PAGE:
This thesis predominantly focuses on the highly publicised situation unfolding at the Takapuna Beach Holiday Park. Located on the beachfront and just minutes’ walk from the metropolitan area of Takapuna, it is the last campground of its kind in Auckland. Its attributes make it a valued location for both local and international visitors. However, with the increasing need for more public space and alternative facilities, the campground has faced a constant battle to remain.
‘The Negotiable Line’ explores the complexity of tension and friction between groups. It represents a divide that simultaneously acts as the point of contact between the sides at odds. Symbolised by the line, the divide is where the rub occurs and tension is confronted, allowing a negotiation to transpire. Complex and turbulent, the negotiable line challenges the idea of binary tension by adding a wandering line that tiptoes back and forth across the straight line, representing the many subcategories that are neglected in favour of the hegemonic groups often at the forefront of tension.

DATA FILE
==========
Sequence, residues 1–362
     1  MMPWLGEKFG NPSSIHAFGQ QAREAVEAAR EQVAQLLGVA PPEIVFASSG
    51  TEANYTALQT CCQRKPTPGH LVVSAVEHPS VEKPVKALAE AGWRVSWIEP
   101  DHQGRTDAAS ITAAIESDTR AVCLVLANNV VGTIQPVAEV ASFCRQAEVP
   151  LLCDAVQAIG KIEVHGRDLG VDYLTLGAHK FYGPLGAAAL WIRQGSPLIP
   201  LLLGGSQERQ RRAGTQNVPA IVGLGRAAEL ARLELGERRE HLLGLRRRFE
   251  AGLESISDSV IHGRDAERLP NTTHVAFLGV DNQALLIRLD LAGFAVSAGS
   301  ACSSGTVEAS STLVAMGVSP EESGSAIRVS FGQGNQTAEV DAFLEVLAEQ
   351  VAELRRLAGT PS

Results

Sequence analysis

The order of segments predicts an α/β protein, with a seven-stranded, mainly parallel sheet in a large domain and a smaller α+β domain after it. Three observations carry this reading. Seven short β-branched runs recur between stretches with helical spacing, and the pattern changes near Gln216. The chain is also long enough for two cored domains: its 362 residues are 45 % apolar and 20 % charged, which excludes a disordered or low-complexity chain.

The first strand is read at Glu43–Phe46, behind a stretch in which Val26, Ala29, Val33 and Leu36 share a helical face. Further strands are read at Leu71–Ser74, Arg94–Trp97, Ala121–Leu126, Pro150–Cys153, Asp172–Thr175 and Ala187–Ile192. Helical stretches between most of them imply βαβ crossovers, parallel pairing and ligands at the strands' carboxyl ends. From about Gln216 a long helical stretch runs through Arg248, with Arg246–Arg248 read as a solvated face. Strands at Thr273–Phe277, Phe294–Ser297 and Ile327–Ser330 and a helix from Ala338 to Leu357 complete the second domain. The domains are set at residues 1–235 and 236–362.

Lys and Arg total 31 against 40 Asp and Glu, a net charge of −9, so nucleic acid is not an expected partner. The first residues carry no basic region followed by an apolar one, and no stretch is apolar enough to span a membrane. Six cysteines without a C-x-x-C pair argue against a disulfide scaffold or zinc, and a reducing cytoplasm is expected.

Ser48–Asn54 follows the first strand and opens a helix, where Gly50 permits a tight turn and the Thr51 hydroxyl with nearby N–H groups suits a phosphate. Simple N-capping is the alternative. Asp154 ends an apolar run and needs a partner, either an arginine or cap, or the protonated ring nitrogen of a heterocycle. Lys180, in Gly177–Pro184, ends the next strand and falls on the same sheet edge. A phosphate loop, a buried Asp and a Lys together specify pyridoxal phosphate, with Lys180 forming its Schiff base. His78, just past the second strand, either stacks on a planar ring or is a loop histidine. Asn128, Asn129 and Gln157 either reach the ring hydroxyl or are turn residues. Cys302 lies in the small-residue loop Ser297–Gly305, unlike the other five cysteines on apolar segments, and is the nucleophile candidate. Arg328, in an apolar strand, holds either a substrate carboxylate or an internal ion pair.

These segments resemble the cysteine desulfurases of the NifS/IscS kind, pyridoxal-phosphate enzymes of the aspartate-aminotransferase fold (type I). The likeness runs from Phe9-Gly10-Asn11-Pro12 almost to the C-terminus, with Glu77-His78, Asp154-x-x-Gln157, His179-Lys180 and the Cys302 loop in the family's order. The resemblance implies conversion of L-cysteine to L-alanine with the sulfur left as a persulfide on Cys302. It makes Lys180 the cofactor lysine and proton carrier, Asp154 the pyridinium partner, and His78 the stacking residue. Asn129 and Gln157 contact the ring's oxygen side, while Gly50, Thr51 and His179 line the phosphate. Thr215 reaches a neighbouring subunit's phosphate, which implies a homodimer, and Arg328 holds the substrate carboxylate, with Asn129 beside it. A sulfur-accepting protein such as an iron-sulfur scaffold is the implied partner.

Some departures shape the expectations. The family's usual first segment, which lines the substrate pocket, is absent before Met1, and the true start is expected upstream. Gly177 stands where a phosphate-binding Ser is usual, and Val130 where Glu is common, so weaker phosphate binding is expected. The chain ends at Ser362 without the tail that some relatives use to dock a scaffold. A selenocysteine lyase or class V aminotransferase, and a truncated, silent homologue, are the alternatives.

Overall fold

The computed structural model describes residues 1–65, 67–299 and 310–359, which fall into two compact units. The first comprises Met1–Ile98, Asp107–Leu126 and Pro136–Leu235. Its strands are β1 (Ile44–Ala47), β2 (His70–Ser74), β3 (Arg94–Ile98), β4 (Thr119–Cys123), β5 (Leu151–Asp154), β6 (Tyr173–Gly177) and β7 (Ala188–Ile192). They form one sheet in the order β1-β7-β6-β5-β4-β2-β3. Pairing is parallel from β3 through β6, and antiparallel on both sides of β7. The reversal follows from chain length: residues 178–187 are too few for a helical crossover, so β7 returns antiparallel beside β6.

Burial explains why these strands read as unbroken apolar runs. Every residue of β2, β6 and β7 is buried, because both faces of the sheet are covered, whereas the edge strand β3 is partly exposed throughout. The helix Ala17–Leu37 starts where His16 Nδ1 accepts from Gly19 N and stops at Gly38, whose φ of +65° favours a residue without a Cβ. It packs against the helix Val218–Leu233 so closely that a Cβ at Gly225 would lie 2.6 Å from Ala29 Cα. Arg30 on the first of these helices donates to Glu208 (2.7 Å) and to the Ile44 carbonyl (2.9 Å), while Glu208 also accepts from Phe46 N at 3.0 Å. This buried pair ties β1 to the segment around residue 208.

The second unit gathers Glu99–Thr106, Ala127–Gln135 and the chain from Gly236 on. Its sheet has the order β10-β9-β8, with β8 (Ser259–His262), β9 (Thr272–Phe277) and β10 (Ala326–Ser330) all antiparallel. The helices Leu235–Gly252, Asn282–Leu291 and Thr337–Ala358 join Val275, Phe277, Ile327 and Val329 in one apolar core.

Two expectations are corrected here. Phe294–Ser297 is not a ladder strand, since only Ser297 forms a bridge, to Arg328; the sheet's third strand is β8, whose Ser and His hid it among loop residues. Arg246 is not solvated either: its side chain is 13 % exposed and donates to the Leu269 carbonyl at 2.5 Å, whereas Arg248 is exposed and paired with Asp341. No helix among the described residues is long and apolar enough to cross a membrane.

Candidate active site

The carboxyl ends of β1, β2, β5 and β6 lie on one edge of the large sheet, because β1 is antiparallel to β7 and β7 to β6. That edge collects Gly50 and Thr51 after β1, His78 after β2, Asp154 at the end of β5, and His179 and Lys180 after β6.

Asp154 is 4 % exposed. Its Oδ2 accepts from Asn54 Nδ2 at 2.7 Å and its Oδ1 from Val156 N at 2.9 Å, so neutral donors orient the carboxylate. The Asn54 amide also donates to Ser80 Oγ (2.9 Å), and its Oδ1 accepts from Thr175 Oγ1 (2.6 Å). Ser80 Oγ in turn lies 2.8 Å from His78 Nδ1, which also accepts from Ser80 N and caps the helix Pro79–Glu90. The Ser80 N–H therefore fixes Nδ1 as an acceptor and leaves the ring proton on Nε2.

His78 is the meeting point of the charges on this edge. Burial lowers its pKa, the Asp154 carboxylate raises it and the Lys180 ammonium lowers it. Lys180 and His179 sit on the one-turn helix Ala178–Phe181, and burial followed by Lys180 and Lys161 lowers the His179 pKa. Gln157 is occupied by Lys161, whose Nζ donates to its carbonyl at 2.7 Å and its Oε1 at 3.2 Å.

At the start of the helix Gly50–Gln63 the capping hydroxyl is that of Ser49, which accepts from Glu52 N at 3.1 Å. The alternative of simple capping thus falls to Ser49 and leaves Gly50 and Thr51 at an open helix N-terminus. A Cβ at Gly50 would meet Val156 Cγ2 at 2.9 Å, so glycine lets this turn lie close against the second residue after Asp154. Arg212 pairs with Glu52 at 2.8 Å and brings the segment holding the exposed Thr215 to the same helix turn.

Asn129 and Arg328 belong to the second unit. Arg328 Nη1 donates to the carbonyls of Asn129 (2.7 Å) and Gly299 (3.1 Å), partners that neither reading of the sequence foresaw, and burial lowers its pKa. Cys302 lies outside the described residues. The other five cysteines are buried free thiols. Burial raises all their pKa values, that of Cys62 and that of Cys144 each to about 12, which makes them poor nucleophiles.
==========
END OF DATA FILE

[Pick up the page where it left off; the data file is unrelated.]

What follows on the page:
The architecture of ‘The Negotiable Line’ encourages the rub to occur. It pursues no set resolution, but instead encourages a space where the friction can transpire. Ultimately it allows a space where a negotiation can take place without settling on an overtly obvious winner, but instead it draws these groups together in an effort to reach a compromise.